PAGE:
Display Settings:

Format

Send to:

Choose Destination
See comment in PubMed Commons below
Circ Res. 2008 Dec 5;103(12):1370-82. doi: 10.1161/CIRCRESAHA.108.187534.

Notch and vascular smooth muscle cell phenotype.

Author information

  • 1Vascular Health Research Centre, National Centre for Sensor Research, Dublin City University, Ireland.

Abstract

The Notch signaling pathway is critical for cell fate determination during embryonic development, including many aspects of vascular development. An emerging paradigm suggests that the Notch gene regulatory network is often recapitulated in the context of phenotypic modulation of vascular smooth muscle cells (VSMC), vascular remodeling, and repair in adult vascular disease following injury. Notch ligand receptor interactions lead to cleavage of receptor, translocation of the intracellular receptor (Notch IC), activation of transcriptional CBF-1/RBP-Jkappa-dependent and -independent pathways, and transduction of downstream Notch target gene expression. Hereditary mutations of Notch components are associated with congenital defects of the cardiovascular system in humans such as Alagille syndrome and cerebral autosomal dominant arteriopathy with subcortical infarcts and leukoencephalopathy (CADASIL). Recent loss- or gain-of-function studies have provided insight into novel Notch-mediated CBF-1/RBP-Jkappa-dependent and -independent signaling and cross-regulation to other molecules that may play a critical role in VSMC phenotypic switching. Notch receptors are critical for controlling VSMC differentiation and dictating the phenotypic response following vascular injury through interaction with a triad of transcription factors that act synergistically to regulate VSMC differentiation. This review focuses on the role of Notch receptor ligand interactions in dictating VSMC behavior and phenotype and presents recent findings on the molecular interactions between the Notch components and VSMC-specific genes to further understand the function of Notch signaling in vascular tissue and disease.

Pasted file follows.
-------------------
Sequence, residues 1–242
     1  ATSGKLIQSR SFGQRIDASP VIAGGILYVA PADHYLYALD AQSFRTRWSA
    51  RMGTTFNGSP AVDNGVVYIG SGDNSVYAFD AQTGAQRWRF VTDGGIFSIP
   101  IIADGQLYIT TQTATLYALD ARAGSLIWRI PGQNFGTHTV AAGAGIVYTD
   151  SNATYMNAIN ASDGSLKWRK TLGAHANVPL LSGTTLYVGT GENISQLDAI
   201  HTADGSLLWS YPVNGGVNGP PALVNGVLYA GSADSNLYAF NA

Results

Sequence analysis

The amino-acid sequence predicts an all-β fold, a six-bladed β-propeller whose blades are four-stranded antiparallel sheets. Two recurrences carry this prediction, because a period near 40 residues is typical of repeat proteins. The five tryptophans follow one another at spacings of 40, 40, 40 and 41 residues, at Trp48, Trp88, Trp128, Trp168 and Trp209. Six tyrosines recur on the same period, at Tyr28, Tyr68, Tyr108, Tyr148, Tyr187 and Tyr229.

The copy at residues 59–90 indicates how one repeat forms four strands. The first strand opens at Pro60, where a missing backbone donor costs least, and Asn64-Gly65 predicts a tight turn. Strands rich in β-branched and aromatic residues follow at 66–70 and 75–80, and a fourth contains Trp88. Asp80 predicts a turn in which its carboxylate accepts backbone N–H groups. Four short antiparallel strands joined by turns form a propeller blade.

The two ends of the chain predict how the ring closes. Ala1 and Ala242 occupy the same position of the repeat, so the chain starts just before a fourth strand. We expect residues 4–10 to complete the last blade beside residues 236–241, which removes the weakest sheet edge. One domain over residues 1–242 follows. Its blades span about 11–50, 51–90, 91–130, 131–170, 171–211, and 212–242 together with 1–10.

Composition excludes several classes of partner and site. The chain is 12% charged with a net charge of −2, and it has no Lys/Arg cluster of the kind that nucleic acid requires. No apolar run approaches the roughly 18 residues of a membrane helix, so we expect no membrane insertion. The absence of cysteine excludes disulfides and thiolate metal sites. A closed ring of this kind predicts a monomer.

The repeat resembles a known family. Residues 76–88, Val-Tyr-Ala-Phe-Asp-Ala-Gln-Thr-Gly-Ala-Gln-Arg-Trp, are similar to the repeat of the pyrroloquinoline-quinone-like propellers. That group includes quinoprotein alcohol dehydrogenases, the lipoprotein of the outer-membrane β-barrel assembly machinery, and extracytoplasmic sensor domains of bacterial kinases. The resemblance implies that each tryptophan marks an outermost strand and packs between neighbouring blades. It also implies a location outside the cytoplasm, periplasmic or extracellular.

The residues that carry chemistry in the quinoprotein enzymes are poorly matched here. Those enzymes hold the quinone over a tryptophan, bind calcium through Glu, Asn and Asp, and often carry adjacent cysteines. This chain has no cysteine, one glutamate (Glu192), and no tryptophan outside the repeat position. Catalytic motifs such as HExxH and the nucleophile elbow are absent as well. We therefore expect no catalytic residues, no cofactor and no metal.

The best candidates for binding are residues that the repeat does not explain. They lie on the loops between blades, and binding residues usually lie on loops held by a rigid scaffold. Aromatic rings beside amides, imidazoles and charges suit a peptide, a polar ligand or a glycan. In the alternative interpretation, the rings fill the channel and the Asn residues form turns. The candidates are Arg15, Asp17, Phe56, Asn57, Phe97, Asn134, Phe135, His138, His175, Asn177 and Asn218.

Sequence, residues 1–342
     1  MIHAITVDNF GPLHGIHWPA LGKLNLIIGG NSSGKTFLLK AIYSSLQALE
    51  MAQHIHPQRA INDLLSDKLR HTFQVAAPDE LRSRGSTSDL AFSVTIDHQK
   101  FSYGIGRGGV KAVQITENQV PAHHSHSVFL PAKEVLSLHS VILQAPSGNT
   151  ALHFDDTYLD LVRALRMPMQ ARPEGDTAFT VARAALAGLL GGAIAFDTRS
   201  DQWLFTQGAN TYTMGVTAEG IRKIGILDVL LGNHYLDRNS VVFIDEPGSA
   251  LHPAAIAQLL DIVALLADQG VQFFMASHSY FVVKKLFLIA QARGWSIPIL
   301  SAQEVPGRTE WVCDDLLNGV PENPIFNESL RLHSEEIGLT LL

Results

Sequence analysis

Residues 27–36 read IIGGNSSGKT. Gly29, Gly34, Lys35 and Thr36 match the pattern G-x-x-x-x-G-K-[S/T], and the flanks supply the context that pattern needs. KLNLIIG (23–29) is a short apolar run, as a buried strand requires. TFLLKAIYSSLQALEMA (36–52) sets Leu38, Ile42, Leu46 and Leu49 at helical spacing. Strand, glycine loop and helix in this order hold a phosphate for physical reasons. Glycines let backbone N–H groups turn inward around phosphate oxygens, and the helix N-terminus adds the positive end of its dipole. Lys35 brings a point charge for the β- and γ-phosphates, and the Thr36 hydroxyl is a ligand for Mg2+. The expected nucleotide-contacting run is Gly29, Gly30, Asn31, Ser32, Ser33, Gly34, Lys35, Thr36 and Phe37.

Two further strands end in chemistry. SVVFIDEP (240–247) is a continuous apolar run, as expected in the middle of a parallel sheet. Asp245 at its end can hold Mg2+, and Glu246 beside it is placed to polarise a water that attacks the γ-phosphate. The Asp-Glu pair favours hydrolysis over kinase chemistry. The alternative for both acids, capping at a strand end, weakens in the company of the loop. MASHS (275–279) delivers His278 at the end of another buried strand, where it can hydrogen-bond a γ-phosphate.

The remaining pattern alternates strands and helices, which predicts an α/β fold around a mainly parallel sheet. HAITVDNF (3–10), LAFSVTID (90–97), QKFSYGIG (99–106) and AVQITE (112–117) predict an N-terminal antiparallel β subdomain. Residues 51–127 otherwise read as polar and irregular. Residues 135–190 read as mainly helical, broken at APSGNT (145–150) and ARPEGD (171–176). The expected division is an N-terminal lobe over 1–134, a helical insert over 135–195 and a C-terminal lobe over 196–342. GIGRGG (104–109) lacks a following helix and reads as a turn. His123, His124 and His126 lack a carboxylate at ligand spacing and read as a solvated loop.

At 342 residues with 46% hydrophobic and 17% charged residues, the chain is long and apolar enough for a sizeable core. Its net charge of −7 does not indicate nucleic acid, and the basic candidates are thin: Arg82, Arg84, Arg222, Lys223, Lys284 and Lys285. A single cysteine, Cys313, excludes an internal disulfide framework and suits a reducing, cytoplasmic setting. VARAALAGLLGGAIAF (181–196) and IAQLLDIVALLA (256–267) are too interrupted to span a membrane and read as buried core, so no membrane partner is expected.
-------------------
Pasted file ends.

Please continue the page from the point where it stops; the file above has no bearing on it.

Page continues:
PMID:
19059839
[PubMed - indexed for MEDLINE]
Free full text
PubMed Commons home

PubMed Commons

0 comments
How to join PubMed Commons

    Supplemental Content

    Full text links

    Icon for HighWire
    Loading ...
    Write to the Help Desk